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Environment:

SQL Server 2019 on Windows Server 2019, on KVM backed by TrueNAS, 16 cores, 32 GB RAM. Application runs 50 parallel threads all inserting into the same massive table. This combination appears to work against the SQL Server architecture

Additional details

  • the problem table is both deep and wide - 20,000,000 rows with over 300 columns and 40-50 indexes
  • The application uses JDBC Batch API's. This particular table, due to row size, is inserting in batches of 1,000 rows.
  • Tables with more reasonable row sizes are inserting in batches of 10,000 rows
  • I can't share the actual DDL, but it's pretty mundane apart from the row simply being massive (a surrogate key BIGINT ID column, two natural key VARCHAR columns, 300 or so cargo columns, 0 BLOB/CLOB columns, then 40-50 indexes)
  • The primary key index DDL is "create unique index mytable_pk on dbo.mytable (keycolumn);"
  • The only other unique index DDL is "create unique index mytable_ndx1 on dbo.mytable (division, itemnum)";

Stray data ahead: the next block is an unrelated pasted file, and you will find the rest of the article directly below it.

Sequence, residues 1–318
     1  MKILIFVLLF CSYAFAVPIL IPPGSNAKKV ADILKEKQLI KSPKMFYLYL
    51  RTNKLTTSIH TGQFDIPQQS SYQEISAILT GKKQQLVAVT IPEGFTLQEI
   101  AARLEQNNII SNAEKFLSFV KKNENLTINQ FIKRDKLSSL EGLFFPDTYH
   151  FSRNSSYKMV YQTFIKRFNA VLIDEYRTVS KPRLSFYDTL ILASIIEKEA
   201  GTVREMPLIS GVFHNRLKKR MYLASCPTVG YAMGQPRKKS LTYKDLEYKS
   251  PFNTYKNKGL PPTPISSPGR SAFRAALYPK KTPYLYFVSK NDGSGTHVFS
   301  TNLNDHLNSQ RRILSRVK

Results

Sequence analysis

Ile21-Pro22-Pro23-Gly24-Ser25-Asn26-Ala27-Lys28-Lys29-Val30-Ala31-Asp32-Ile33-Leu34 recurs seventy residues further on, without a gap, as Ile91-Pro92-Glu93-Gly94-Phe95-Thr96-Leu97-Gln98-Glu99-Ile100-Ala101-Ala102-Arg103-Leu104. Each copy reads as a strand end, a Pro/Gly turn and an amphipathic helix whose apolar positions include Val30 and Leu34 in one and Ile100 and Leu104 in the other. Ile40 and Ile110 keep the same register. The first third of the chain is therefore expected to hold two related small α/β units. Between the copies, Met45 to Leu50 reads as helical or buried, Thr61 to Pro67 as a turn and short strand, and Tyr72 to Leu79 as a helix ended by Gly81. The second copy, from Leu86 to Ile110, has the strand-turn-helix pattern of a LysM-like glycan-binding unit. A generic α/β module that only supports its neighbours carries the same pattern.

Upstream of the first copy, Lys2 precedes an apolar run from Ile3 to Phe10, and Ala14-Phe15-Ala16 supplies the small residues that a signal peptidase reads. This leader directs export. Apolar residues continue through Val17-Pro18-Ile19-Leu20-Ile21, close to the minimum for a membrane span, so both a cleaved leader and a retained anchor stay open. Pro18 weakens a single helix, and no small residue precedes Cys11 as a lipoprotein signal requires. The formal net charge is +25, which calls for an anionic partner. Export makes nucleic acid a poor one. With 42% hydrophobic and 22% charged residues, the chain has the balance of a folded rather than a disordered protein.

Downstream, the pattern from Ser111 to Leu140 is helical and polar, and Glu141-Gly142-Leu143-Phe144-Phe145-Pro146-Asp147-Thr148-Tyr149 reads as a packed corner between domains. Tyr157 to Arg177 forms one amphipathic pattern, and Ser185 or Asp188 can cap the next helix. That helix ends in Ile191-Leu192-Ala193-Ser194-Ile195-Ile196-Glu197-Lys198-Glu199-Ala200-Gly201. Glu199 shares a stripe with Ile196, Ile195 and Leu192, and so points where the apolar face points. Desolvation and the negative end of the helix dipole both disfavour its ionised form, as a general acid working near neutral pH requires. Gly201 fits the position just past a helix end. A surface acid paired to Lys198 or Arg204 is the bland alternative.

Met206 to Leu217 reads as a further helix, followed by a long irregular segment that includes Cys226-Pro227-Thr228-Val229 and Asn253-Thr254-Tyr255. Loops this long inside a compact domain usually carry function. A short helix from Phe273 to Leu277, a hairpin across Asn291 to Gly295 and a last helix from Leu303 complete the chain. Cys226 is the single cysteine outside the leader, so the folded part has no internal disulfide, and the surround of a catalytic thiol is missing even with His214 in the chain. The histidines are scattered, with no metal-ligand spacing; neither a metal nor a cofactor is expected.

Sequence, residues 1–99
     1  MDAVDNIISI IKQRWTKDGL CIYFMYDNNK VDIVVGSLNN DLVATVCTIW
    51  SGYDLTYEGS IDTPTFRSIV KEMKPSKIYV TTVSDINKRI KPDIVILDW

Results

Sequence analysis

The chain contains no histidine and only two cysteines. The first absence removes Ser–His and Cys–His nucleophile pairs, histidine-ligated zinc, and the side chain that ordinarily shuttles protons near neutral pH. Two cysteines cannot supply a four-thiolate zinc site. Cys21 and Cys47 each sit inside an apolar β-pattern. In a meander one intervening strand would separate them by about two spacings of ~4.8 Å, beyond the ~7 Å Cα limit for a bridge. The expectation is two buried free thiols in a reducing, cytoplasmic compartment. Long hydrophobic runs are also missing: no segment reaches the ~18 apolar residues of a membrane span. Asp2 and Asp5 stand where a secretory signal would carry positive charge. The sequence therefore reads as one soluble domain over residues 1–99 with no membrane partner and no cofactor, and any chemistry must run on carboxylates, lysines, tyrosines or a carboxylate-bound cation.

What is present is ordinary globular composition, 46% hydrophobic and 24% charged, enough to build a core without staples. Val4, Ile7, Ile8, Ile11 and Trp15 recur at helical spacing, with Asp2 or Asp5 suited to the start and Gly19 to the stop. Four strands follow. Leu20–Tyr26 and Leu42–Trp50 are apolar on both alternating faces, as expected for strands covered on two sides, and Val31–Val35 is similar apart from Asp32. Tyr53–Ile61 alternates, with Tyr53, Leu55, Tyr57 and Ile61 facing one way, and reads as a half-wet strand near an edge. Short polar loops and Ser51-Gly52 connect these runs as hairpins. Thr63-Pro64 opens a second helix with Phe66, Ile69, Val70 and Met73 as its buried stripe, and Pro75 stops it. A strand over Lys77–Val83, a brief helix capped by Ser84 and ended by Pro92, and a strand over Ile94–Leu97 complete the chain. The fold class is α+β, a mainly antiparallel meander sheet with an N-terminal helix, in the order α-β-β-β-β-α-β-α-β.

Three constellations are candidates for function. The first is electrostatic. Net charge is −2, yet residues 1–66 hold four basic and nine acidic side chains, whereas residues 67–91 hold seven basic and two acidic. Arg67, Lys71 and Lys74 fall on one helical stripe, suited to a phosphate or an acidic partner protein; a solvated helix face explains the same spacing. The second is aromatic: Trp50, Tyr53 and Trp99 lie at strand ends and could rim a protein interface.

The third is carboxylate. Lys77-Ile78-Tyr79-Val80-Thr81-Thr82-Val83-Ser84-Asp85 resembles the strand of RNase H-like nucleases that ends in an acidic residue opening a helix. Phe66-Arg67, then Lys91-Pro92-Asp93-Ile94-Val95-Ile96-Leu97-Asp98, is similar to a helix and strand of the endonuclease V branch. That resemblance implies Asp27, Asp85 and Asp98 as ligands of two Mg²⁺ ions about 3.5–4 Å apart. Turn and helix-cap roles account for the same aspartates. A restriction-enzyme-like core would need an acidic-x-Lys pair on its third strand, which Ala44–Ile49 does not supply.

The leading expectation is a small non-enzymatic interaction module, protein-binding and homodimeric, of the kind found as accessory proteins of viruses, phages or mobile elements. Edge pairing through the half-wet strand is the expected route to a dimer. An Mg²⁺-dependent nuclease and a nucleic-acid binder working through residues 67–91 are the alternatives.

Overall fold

• The product that owns the database is used by hundreds of fortune 2000 customers, so changing hte data model is not an option for me or the product vendor.

Restrictions

  • Since the database is ultimately a third party's, any changes I make to it must be in-place. Once the data is inserted into it, I no longer have any access to it.
  • The database is owned by a third party off-the-shelf application.
  • the primary key is a sequential integer

Observations and metrics

Early in the process, we were bottlenecked on CPU resources.

Once we hit about 1,000,000 rows, we were single threading on latches, sometimes spending over two seconds in a latch, and rarely spending less than 500ms in a latch. Latching and IO buffer waits were both excessive. CPU dropped to about 12% usage.

In a second test, I dropped all of the indexes and re-ran the job. The job completed 8 times as quickly, showing zero load on the SQL server and bottlenecking on CPU on the application which is very good from the SQL Server perspective.

After reading Microsoft's literature, I came to the conclusion that the data model is working against SQL Server's indexing architecture for tuning for massive inserts.

I will not always have the option of dropping and recreating the indexes. Is there a way to tune the table to distribute the I/O

** Now to the real question **

Is there a way to tune SQL Server, under the covers, to distribute the IO so sequential numbers in an index not in the same buffer when doing massive inserts of sequential data?

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  • 1